Occasionally, it is tempting to slump on the couch, turn on the television, dial out for a Chinese food or pizza, grab an alcoholic beverage, and go ‘home shopping’ on the iPad (maybe with money you do not have), and indulge.
However, the majority of the time, to make every day successful, we must discover the strength to do the right thing. We require willpower.
What is willpower?
As we speak of willpower we utilize terms such as ‘determination’ and ‘grit’. However, to comprehend willpower it is useful to see how psychologists and scientists explain it:
The capability of delaying gratification, resisting short-range temptations to meet long-range objectives.
What is the importance of willpower?
The strength of willpower is closely connected with your capability of succeeding. It’s more important than knowledge and intelligence. We know this from a number of psychological studies, which date back to the ‘marshmallow test’ initially performed in the 1960s. Researchers at Stanford tested the willpower of four year-olds by providing them an option of treats, which included marshmallows. They could consume one marshmallow immediately, or wait and consume two marshmallows later. Around 30 percent resisted the temptation and obtained the reward of two marshmallows. Years later, the researchers tracked the participants down in high school.
The four year-olds who possessed the strength to resist temptation and delay gratification became high school students who had substantially higher SAT scores and high school grades (they were additionally better able to sustain friendships and possessed a higher ability to ‘handle significant problems’.
Five ways to strengthen willpower
Put away obvious temptations
Researchers have compared willpower to a muscle (studies show that the strength of our willpower will diminish if we must constantly use it). Do not tire yourself out with avoidable and obvious distractions. Put away snacks, instead of leaving them on the table. Take beer out of the refrigerator and put it away inside a pantry. Save up your strength for when it will matter most.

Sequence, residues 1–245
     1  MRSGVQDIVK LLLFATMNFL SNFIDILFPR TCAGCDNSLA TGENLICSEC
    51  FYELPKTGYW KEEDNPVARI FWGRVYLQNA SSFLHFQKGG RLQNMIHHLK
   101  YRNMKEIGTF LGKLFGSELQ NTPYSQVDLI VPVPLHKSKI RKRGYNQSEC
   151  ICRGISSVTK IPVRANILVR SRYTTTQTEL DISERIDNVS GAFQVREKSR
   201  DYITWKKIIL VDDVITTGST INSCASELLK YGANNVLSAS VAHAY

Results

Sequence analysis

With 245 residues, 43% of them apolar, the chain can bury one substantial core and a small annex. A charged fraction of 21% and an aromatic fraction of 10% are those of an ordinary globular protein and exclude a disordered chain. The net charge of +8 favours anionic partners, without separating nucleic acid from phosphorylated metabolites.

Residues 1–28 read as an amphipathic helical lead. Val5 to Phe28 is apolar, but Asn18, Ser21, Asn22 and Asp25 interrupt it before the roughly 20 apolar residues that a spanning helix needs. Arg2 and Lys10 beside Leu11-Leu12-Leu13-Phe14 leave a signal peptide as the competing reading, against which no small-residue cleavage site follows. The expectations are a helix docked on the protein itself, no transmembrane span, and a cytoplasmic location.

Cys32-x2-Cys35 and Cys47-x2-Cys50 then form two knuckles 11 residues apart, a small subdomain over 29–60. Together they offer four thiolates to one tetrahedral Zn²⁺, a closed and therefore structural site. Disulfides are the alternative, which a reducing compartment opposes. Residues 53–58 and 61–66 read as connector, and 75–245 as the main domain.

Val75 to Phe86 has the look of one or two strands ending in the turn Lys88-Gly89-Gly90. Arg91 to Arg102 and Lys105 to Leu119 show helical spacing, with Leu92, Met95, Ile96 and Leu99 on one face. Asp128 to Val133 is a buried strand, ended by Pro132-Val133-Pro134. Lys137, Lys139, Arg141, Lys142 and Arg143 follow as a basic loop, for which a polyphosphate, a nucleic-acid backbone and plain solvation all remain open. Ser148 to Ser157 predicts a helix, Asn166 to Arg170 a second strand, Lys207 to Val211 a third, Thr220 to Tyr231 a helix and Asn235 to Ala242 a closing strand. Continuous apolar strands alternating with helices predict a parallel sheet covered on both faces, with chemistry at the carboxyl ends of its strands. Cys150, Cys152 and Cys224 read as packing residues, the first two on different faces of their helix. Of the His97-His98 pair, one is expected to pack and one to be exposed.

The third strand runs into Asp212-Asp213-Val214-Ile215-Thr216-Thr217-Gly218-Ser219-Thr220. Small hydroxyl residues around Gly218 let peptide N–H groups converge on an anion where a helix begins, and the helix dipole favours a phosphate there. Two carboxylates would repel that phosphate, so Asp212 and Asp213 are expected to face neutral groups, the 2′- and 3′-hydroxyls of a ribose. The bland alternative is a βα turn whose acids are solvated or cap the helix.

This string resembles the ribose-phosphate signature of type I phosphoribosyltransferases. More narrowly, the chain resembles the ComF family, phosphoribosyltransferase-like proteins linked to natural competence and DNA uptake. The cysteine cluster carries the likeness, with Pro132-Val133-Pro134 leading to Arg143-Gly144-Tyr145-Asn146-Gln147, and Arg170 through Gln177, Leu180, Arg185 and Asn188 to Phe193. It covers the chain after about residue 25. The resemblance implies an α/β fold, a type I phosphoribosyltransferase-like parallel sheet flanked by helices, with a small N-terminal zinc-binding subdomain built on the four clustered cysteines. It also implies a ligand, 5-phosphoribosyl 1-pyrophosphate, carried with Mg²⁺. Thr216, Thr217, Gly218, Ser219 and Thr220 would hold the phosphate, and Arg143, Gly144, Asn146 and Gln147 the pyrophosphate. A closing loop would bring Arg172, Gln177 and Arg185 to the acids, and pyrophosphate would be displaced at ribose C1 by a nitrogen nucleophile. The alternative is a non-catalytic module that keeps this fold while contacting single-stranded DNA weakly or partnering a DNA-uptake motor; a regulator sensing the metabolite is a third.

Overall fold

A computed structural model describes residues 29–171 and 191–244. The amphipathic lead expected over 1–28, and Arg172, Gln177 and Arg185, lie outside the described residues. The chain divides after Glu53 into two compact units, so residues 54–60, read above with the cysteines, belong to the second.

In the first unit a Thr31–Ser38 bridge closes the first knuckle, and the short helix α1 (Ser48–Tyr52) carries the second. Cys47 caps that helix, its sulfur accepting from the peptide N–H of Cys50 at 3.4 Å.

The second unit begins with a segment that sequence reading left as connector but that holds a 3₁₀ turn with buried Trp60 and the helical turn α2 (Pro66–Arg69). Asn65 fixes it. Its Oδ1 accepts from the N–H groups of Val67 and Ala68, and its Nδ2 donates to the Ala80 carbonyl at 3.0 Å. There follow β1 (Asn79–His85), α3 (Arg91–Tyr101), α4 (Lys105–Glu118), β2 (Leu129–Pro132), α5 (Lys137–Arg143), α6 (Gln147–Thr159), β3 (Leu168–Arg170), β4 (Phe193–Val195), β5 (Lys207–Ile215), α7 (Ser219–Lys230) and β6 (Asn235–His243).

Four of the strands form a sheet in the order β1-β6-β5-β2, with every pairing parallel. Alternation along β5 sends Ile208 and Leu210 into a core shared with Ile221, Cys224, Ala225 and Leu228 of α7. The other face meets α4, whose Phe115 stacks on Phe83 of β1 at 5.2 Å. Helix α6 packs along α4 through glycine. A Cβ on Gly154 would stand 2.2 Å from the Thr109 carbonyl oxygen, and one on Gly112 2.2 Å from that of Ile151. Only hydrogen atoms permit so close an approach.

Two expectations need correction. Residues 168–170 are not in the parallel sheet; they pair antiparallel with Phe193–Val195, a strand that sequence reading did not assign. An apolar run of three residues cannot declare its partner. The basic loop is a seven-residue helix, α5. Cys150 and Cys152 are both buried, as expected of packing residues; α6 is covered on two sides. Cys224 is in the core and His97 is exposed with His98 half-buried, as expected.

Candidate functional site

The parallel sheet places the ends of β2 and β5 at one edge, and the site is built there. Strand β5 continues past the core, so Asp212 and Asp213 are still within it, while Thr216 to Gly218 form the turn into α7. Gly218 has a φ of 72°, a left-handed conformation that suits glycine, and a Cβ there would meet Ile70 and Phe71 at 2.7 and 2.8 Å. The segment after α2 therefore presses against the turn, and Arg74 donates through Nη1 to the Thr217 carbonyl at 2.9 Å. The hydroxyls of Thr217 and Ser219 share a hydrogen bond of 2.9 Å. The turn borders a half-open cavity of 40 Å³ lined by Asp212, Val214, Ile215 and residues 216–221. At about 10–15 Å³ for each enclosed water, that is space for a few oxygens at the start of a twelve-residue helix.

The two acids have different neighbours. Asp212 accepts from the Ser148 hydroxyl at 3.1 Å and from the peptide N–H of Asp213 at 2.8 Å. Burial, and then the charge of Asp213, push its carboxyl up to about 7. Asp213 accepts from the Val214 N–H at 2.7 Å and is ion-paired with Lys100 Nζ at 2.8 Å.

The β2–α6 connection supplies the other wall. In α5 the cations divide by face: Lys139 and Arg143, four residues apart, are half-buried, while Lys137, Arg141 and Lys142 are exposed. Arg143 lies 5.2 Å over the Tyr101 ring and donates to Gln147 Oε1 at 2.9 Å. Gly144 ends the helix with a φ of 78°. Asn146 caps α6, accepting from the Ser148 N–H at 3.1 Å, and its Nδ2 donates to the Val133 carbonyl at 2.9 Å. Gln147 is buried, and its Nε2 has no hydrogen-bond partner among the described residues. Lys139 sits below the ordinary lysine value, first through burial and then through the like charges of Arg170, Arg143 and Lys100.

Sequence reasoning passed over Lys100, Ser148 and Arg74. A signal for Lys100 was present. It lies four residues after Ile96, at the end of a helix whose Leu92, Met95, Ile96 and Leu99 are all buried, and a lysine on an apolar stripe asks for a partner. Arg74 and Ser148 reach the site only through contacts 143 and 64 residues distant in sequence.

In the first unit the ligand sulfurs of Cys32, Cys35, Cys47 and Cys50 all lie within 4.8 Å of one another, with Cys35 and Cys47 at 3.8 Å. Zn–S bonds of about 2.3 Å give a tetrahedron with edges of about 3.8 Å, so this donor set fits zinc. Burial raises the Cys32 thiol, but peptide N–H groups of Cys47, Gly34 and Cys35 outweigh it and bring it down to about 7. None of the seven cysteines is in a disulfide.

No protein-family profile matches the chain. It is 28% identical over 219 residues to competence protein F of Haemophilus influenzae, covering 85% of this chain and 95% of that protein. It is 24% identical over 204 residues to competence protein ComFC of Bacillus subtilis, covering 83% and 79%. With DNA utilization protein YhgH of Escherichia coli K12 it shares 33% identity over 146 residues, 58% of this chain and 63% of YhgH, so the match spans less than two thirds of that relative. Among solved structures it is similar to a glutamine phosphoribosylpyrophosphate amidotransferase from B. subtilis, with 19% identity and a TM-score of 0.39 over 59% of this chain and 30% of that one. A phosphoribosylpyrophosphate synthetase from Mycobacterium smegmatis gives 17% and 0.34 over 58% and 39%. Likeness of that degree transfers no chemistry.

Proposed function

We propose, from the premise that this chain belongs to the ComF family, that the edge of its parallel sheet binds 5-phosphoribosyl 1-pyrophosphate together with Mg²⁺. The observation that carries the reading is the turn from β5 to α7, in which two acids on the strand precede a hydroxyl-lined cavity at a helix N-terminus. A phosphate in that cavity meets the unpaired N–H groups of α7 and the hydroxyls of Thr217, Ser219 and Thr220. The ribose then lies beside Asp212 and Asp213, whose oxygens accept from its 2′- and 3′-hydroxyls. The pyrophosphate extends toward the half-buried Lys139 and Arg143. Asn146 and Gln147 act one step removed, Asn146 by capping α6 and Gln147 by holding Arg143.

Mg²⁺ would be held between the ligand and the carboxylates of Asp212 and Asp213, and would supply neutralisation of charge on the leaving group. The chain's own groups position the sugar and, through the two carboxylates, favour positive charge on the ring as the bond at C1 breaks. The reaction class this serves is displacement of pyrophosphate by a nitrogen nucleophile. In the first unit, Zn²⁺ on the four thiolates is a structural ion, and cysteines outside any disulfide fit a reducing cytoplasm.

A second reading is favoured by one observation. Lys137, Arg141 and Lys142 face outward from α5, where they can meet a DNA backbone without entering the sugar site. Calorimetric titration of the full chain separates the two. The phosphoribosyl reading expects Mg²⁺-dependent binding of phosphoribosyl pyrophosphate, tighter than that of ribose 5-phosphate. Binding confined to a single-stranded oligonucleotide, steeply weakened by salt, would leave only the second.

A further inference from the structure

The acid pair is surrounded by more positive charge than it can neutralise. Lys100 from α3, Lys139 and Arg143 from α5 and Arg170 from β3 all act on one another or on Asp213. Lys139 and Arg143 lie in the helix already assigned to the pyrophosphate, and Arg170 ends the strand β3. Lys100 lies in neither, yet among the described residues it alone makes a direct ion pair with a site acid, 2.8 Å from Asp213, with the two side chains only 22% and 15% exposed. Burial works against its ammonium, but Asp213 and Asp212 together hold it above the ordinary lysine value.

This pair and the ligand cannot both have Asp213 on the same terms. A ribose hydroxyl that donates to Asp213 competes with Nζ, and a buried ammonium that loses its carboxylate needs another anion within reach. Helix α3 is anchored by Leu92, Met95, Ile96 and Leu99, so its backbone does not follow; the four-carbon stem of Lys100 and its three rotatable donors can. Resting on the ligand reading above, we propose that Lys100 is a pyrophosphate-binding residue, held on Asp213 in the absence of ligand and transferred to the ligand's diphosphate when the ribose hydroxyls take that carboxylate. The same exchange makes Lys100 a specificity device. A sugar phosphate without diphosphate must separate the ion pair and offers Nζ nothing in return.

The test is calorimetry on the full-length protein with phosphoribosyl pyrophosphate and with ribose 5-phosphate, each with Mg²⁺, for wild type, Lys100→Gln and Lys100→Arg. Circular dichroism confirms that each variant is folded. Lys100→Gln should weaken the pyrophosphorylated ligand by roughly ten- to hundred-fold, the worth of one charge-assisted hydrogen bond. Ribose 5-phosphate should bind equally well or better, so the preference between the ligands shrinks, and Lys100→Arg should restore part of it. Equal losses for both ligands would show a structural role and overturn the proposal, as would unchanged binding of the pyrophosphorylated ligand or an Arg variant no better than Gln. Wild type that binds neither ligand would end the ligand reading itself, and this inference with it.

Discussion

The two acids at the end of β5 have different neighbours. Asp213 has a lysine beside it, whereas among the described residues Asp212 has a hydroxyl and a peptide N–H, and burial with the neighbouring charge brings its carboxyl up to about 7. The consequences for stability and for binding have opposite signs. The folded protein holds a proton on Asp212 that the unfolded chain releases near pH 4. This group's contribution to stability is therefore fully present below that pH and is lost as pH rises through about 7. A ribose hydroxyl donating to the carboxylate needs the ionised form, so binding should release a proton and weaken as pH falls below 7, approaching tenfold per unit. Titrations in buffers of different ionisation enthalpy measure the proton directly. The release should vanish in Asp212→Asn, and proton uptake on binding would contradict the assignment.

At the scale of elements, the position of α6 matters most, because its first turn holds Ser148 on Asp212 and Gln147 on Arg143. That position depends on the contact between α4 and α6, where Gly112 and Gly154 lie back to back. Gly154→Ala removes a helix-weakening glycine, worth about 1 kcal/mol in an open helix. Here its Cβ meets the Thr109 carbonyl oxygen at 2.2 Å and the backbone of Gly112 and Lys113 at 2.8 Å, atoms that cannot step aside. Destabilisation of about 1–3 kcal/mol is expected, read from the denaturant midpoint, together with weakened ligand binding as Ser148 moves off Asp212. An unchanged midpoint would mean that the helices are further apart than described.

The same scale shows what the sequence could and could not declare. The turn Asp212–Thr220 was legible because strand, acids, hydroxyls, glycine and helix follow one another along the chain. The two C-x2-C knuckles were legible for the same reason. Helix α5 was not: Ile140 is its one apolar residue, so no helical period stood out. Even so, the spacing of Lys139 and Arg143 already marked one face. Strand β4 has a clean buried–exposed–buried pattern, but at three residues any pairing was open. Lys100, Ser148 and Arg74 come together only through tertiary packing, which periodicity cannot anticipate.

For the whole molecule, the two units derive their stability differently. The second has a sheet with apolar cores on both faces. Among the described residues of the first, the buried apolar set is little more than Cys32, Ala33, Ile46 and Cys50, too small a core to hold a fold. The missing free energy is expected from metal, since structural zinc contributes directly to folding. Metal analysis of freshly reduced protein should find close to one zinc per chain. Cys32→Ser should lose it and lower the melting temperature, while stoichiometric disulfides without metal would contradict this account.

Plan out moves
Utilize a ‘what if” model in order to prepare ahead and anticipate times when your willpower is challenged. For instance: ‘What if I am offered coffee and dessert?’ Determine in advance how you will react: ‘Okay, I’ll order an espresso and fruit platter; this will keep my calorie consumption on track.’ Preparing ahead will make for wise use of your willpower.
Concentrate on one challenge
Your list of New Year’s resolutions seldom works because your willpower is spread around too many challenges. It is better to concentrate on one challenge, build the right routines and habits up in one concentrated area, and move on to a different challenge. As we’re feeling motivated to change it is tempting to say ‘All right, I am going to change this and that’, yet resist, pick a single challenge, and concentrate your efforts for maximum results.
Do it for yourself, not other people
Studies prove that our willpower is stronger as we are taking action for ourselves, instead of having change imposed upon us. For instance: it might be that your spouse wants you to stop smoking. That is good, yet to provide yourself the ideal opportunity at success, you first must identify all of the reasons why you wish to stop smoking. If you do it for yourself, rather than trying to please someone else, you will be more likely to succeed.
Often and little
Similar to a muscle, it is possible to strengthen your willpower with the proper exercise routine. Too much and you will become burned out and exhausted, too little and you will under-achieve. Establish challenges which are suitable, accomplish small wins, and gradually build up your strength over time.